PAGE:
March 2007-December 2009
Our Peace Corps adventure started in Philadelphia on March 25, 2007 when 73 of us arrived for staging. Staging involved preliminary training on Peace Corps rules and regulations (it’s the government, so yes there are many) and information on how and where we would go in Ukraine for PST (pre-service training). Of course we had no idea what we were in for, but that was part of the fun.
We arrived in Ukraine tired but well, and with only 1 missing suitcase. We left Philadelphia on a 747, so luggage was not a problem. However with a stopover in Frankfurt, we transferred to a much smaller plane for the flight to Kyiv. With 73 of us on the plane, all packed for two years, the plane was just too heavy to take off. So, they left at least 40 suitcases in Frankfurt. We were lucky we arrived with three out of four. Some people saw none of their bags for two or three days. Fortunately, eventually all suitcases arrived.
We spent the first three days at Prolisok, an old Russian sanatorium, now a Kyiv training center. We were not thrilled to find out that all of our future in-service trainings would take place at Prolisok (affectionately known to PCV’s as Prolisuck). Some of the rooms have been somewhat remodeled, so the trick will be to get to training early. It’s always first come first served, so the last ones to arrive get the worst rooms.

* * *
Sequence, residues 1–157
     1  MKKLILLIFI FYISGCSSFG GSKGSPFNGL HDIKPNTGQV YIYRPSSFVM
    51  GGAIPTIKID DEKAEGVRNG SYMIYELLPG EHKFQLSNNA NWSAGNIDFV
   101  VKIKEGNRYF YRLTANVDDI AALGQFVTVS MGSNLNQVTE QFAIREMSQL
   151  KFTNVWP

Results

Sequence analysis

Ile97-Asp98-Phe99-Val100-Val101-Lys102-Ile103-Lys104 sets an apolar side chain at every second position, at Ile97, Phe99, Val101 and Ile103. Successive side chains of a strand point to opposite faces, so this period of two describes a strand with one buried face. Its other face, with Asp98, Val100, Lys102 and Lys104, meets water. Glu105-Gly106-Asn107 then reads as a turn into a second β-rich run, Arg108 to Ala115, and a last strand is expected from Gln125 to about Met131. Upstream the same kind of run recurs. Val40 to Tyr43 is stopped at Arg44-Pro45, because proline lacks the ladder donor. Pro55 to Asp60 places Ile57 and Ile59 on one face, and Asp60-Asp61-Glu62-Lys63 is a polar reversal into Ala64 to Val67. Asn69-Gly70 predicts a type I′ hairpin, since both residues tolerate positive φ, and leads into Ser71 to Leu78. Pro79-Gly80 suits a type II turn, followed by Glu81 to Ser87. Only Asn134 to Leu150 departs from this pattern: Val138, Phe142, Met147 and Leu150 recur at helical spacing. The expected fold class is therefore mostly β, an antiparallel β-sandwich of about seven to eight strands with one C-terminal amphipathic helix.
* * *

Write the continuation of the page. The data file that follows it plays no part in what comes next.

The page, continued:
Finally after 3 days we were off to Chernihiv to meet our host family and see where we would spend the next three months training. When Tanya Mykailova, our Chernihiv host mom, saw all of our luggage she was ready to send us back. Fortunately she agreed to give us a try and we ended up being the best of friends. It was interesting at times with her limited English and our limited Russian, but she used our language manuals to study English while we studied Russian, and somehow we were always able to communicate. Before leaving the US we kidded about our motor home preparing us for Ukraine, little did we know how true it would be. The three of us lived in a small 2 room plus kitchen, walk-up, Soviet Bloc concrete apartment. It was very small, but very clean and cozy.
We knew that training would be tough, we just didn’t realize how tough! We had language class 4 hours each morning and technical training 4 hours each afternoon. Additionally we had a community project to complete. Then of course we needed to study in the evenings and on the weekends. They taught half of us Ukrainian and half of us Russian. We were pretty disappointed when we found out we would be learning Russian, but we got over it and did our best to learn it. They are both very difficult languages and it was slow going. Of course Ukrainian is the official country language and all street signs, store signs, train signs, etc. were in Ukrainian, so we learned some of both languages. Making our old brains learn a new language was tough.